Explore the basics of Congress with a critical lens, from the demographic make up of the 115th Congress to researching your members of Congress to the most effective methods for being heard, culminating your students’ learning in this PBL mini unit by writing a letter to their elected official on a topic of their choice!
By the end of this unit, your students will be able to:
- Annotate and analyze news media sources including articles, statistics, and quotes
- Communicate information effectively in writing and visual display
- Write concise persuasive writing utilizing evidence and evaluating sources
Culminate learning with:
- Letter to An Elected Official,
by transforming your students' targeted research and developed passion regarding a chosen topic into a platform for being heard, which can be done in place of the interview, in addition, or saved for use later!
honoring and desiring to be a contributing member of one’s representative democracy.
Only about 25% of Millennials can name one (just one!) Senator in his or her home state, it lowers to 18% for those under 24 and even less for those of color. You don’t want to know the number for naming one's Representative.
It’s only slightly better for older adults: 33% of all Americans cannot name a single branch of government and another 33% can name only one or two.
Don’t let your students be on the wrong side of either of these abysmal statistics
that stain our remarkable system of representative democracy, by making your teaching stick beyond the unit test with these visceral and relevant activities and project.
This year, let's leave the way-out-of-date government textbook behind and take students straight to the real world
with primary sources, news articles, data graphs, web-based research, and student-created teaching tools to make their learning memorable.
This mini unit compliments any local American Government or Civics course standards in a fresh, current, and interactive way.
Everything you need for this unit is included:
project samples and step-by-step directions, rubrics and answer keys, bell ringers and exit tickets, handouts and links to online resources, and detailed daily lesson plans. Even better, you'll always be able to download annually updated resources for free!
This mini-unit can be done well in about 2 weeks, with each activity containing multiple stand-alone parts to size up or down depending on time constraints or student abilities.
Included in this complete unit:
- Unit At-A-Glance and 4 pages of detailed daily lesson plans from the hook to the final project for you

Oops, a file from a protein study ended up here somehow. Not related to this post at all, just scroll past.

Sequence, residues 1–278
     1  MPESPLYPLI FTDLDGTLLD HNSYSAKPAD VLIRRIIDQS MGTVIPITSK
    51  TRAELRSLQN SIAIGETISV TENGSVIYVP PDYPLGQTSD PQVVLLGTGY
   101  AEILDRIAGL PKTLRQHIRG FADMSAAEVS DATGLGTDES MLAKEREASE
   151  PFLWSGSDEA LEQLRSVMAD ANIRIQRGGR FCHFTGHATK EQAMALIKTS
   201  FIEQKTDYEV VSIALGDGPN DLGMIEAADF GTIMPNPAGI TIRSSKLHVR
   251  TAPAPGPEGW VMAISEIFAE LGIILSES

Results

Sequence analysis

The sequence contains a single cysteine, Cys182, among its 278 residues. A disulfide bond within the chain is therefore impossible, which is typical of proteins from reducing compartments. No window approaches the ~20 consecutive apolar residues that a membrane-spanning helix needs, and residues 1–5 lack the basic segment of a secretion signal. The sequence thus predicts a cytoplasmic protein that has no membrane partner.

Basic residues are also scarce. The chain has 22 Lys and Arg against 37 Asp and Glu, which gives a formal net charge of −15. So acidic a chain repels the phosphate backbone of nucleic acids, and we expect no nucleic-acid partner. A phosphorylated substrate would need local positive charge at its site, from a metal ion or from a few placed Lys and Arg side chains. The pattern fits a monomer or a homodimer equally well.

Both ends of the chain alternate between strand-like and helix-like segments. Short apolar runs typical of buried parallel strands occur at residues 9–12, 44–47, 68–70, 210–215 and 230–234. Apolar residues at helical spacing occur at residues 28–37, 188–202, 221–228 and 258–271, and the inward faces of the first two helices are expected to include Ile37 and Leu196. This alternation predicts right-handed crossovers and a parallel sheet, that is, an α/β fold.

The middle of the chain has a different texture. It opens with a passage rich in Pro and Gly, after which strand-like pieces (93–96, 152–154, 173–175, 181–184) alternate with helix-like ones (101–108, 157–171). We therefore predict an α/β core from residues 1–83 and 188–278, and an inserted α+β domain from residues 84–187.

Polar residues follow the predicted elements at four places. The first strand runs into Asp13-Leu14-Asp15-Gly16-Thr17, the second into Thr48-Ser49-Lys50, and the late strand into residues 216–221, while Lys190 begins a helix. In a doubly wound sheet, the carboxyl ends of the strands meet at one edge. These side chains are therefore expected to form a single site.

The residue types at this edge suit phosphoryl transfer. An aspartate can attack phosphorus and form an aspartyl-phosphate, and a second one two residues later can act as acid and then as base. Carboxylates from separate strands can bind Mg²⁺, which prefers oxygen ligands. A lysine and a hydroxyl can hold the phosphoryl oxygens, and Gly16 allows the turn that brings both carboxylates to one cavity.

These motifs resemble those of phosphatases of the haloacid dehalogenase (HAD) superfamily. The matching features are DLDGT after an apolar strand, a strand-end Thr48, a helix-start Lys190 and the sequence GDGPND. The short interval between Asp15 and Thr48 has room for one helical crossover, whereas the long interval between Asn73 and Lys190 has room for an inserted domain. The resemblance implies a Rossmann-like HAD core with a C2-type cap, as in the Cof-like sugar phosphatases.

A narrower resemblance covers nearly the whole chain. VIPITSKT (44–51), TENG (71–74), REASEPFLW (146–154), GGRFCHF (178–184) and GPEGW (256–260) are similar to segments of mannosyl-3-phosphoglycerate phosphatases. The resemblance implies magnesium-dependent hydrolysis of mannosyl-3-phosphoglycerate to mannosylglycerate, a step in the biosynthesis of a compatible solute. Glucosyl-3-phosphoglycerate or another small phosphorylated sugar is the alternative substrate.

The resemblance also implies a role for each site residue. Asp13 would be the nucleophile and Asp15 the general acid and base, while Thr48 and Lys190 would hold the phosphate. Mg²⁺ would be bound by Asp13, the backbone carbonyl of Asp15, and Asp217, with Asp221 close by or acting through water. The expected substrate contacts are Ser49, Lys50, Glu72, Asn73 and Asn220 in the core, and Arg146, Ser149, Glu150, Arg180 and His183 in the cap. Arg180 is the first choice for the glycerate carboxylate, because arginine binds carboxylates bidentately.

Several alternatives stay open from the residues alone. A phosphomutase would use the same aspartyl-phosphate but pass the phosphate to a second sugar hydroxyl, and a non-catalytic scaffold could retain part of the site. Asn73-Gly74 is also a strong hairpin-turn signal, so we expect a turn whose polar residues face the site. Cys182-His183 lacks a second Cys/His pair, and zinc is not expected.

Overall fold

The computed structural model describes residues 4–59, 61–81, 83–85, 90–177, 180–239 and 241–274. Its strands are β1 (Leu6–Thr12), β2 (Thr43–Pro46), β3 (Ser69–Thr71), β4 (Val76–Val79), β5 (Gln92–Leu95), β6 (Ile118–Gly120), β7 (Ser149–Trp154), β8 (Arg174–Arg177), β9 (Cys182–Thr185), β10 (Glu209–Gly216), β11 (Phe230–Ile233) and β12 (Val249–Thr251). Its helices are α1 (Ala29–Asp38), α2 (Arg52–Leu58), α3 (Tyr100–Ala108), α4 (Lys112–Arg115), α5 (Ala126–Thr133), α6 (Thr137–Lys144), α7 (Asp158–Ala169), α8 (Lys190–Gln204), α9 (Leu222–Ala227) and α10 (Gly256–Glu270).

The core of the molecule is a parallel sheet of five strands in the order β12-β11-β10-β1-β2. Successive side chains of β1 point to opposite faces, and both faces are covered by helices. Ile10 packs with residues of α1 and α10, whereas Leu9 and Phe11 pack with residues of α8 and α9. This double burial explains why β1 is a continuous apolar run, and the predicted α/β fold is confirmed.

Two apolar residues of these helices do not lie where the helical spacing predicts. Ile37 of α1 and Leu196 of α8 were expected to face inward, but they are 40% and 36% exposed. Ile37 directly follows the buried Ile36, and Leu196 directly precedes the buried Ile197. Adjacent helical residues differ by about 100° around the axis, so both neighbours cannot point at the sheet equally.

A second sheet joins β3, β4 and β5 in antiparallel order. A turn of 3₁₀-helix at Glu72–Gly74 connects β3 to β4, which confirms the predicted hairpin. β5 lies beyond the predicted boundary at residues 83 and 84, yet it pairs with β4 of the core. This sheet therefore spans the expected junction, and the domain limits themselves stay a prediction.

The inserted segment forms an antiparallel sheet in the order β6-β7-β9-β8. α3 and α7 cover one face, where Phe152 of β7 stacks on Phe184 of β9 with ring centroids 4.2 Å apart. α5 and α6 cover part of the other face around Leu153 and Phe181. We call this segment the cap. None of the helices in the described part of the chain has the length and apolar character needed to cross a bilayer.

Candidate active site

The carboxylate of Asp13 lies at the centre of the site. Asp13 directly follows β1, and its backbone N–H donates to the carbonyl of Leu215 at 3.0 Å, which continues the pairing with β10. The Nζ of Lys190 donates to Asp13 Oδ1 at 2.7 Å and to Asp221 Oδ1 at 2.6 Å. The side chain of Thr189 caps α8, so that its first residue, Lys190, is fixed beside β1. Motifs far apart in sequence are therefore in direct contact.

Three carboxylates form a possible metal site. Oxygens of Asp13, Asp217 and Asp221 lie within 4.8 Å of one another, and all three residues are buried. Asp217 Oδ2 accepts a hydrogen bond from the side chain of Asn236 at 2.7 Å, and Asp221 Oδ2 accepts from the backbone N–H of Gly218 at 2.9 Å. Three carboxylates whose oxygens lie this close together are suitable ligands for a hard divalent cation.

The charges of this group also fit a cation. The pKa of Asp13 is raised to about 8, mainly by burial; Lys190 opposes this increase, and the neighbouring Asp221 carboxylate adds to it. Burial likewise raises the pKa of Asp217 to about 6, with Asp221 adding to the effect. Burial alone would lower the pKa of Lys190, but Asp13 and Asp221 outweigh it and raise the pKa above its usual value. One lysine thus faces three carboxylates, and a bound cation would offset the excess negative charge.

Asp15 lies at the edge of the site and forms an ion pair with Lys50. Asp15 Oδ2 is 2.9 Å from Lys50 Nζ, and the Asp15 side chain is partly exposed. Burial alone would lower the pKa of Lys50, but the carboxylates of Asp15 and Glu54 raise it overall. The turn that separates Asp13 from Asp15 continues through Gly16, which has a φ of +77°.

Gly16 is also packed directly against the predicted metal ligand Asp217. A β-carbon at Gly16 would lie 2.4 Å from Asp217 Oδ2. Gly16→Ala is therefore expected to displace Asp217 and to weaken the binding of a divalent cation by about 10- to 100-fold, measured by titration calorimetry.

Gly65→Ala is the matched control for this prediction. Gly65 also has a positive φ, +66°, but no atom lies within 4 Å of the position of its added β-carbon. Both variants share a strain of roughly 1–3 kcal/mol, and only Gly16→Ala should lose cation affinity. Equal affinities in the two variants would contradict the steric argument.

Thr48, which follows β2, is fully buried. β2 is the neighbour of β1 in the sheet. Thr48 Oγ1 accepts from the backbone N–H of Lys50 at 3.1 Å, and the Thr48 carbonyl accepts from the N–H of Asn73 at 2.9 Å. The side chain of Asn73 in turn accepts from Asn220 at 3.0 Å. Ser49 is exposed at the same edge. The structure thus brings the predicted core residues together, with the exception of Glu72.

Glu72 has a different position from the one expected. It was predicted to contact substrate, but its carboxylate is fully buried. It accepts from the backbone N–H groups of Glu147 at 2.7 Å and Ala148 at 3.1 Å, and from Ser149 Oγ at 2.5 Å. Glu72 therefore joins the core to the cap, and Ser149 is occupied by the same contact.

- Conceptual note-taking sheet for your students
5 Main Activities:
1- to 3-class period long lessons, depending on customizations
examine a powerful quote from President Obama on citizenry
- Raise Your Voice:
analyze advice of political insiders in being heard by your representatives
- Your Congresspeople:
research, create a learning display and peer-teach the current leadership line-up of Congress
- 115th Congress & America:
research, calculate, and compare demographic statistics of the current Congress and America as a whole, plus a creative peer-teach extension
- Town Hall Project:
explore the ongoing issue of the humble town hall utilizing an online activist tool and class discussion, plus a research and peer-teach extension using recent news articles
- Letter to an Elected Official
with step-by-step, overview, sample, edit, and rubric sheets (CCSS and generic)
- Supplemental editable PowerPoint file with images, student directions, and links
- Answer Keys and Rubrics for activities
- Skill Sheets: Annotating a Text, Analyzing News Media Sources, Finding Appropriate Sources, Creating a Works Cited, Annotating a Citation
Note to Homeschoolers
Though the included teacher lesson plans and PPT slides are written to fully support a traditional classroom teacher, this resource is also a great fit for your teenage homeschooler:
- the inquiry, thematic structure
of this unit is driven more by critical thinking, reading, and writing skills and a central high-interest question than any one set of state-specific, grade-specific content standards
- a wide age and ability range
can easily access the rich variety of sources utilized in this unit, making it perfect for a multi-grade group
- your student’s voice is central
to each activity, through talking out their learning, maximizing the one-on-one
- activities can be completed independently
and aren’t solely reliant on group or whole-class work
- all utilized sources are free and easily obtainable;
either included or accessible online (links provided)
- this unit is independent of a textbook
, though one could be used for greater background knowledge
- any activity can easily be left out to customize
for your student’s skill level or personal interest
Want to try the whole unit?
Civics PBL: 3 Branches of Government, Checks and Balances Unit
Want just the project?
Writing PBL Project: Elected Official Research & Persuasive Letter Project
Want more American Government / Civics resources?
3 Branches Unit
contrast how the federal government works in theory and in practice
Judicial Branch & Bill of Rights Unit
determine exactly how our rights translates into daily American life
Voting & Mock Election Unit
explore a variety of voting issues; universal for any upcoming election
Citizenship Test & Op-Ed Project
make citizens out of your students with this semester-long project
Political Service Project
make community members out of your students with this semester-long project
Constitutional Issues Research Paper Project
end with a highly-scaffolded, college-ready research paper
Want the whole semester AND save big?
American Government / Civics MEGA Bundle
get the whole course at once!